The plan for today is quite ambitious. The routes are quite long, and we want to go the seven-kilometer Caminito del Rey trail and visit Ronda. We leave Cordoba already at 8, so we are in El Chorro around 10:30.
Caminito del Rey – practical information
El Chorro is a small town with the end point of the Caminito del Rey route. Caminito del Rey is a walking trail called “King’s Path”. It runs along the steep cliffs of the limestone gorge Desfiladero de los Gaitanes, the bottom of which is the Guadalhorce. The tour of the trail is extraordinary in terms of view and after renovation, visited by many tourists even outside the summer season. A month before departure I had a problem with buying tickets, because on the day I selected there was no option to buy. As a result, I changed the trip plan so that the trail would fall on Thursday – less crowded day than the initially chosen Saturday.
I mentioned that the trail was being renovated. Before renovation, it was considered the most dangerous walking route in the world. There were many fatal accidents here, apparently human remains are still visible today. Today, the route looks very stable, even children would be able to walk there (although admission is only from the age of 8). Each participant must wear a helmet in the event of small stones falling down.
King’s path- Route map
Here I present you a map of the route: map
To enter the trail, leave the car at the very entrance in the north or at the exit in El Chorro and take the bus to the entrance. I don’t know which option is better, but we choose the latter. We come to El Chorro and leave the car in the parking lot here. You can also leave your car at the train station itself (here), from where buses departing tourists to the very entrance to the path. They run every half hour, e.g. 10:00, 10:30, 11:00, etc. We get to El Chorro just before the departure of one of the buses, so we approach the train station quite quickly and then get on the vehicle and take narrow roads to north towards Ardales. The road leads mainly through the forest, which is why we see many animals.
El Chorro train station:
Caminito del Rey – road through the forest
The bus takes about 25 minutes. We get off at the bus stop and enter the path. We are here. Going through a tiny tunnel leads us to the forest.
Caminito del Rey – the trail
It is 2.6 km of walk to the entrance of the Caminito del Rey trail. At the entrance we a guy printed tickets. After crossing the gate we get helmets and so armed we enter the trail. Thanks to the fact that we have tickets without a guide, everyone can go at their own pace. We paid 10 euros + 1.55 euros for the bus. We booked them on the website: link . The option with a guide costs 18 + 1.55 euros.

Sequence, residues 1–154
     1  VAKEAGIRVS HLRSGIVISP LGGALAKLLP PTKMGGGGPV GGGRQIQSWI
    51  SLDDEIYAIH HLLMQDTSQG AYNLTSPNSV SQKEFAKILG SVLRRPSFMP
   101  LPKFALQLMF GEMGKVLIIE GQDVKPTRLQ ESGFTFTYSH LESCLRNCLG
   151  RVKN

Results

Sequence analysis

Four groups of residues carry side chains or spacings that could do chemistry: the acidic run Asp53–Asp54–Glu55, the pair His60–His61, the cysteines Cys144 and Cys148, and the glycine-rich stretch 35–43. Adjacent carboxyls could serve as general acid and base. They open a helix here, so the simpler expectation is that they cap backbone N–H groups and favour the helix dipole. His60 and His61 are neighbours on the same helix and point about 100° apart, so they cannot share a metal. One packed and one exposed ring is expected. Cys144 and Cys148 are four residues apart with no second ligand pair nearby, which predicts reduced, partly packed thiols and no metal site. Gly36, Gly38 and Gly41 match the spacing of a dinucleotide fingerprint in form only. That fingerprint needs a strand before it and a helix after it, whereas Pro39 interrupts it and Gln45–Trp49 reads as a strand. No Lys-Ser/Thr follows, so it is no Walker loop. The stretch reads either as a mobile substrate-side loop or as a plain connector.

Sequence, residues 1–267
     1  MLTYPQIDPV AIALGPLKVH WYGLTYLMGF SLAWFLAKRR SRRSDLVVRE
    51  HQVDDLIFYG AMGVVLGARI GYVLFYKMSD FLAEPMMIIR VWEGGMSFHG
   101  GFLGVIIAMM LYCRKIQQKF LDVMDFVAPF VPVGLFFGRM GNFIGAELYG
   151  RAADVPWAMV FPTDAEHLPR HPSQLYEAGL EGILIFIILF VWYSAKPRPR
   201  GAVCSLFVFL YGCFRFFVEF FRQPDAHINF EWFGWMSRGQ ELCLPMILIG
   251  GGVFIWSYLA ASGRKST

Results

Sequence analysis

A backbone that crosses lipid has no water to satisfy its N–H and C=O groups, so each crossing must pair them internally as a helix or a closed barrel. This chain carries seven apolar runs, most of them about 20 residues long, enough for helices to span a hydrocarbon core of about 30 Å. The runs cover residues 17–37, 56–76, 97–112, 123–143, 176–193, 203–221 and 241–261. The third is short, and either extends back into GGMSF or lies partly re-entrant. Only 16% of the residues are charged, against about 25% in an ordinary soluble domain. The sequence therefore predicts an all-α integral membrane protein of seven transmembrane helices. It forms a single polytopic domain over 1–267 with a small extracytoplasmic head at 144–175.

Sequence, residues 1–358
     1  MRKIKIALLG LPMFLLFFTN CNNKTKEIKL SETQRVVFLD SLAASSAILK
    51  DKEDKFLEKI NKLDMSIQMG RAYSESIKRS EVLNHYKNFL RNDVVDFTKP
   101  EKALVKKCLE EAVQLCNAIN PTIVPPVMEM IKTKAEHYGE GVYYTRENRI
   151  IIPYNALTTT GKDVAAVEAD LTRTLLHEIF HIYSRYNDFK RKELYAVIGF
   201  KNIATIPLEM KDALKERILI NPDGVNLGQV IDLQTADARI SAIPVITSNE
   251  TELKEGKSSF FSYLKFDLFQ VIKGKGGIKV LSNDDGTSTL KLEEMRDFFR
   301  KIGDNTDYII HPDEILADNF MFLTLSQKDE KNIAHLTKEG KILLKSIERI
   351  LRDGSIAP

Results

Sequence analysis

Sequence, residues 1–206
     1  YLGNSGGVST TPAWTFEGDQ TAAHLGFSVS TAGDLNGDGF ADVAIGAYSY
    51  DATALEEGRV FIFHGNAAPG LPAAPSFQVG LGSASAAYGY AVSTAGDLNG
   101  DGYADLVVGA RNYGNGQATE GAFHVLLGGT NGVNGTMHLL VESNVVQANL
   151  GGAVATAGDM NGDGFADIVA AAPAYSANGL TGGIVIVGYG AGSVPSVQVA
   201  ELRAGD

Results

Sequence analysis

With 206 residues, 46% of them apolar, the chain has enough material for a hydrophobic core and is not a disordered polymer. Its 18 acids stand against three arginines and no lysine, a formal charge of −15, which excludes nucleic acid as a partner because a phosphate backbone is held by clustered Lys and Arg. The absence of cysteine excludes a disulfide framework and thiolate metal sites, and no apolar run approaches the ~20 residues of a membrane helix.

first part of the trail – wooden footbridges
The views are beautiful at the beginning of the route. We photograph, among others, an interesting, small waterfall. 4.5 km of road ahead.
second part of the trail – forest
At some point the wooden footbridge ends and we go out onto a gravel road. Part of this route is boring and leads through the forest. I complain and think about how I will go the rest of the trail …
third part of the trail – largest gulfs
It turns out that after leaving the forest it’s beautiful again. I photograph wonderful mountain landscapes. A bit further, the footbridge begins again and we can admire the large, scenic chasms. We also listen to whether a train is coming – railway tracks are located in the rocks. In some photos you can clearly see the old, dangerous path, which is just below this new one.
A nice feeling to cross the bridge. A maximum of 10 or maybe 8 people could move on it simultaneously. When you walk on it, it sway slightly and you could feel a bit of adrenaline.
The trail ends next to the green viaduct. It’s quite characteristic, so it is clearly visible from the bus or even from the beginning of the King’s Path.
After leaving the trail, an attention is drawn to the old bridge, which blends in nicely with the mountains. Just behind it, there is our parking lot. We refill bottles with water, use the toilet (there are no toilets on the trail) and go as soon as possible to Ronda.
Road to Ronda
We choose the route leading through the Mirador del Guarda Forestal viewpoint. This route is the shortest in terms of the number of kilometers to cover, but according to Google Maps, it’s half an hour longer than another, only 2 kilometers longer. The road is not the best quality, but fortunately we don’t pass many cars. Most cars follow the second route.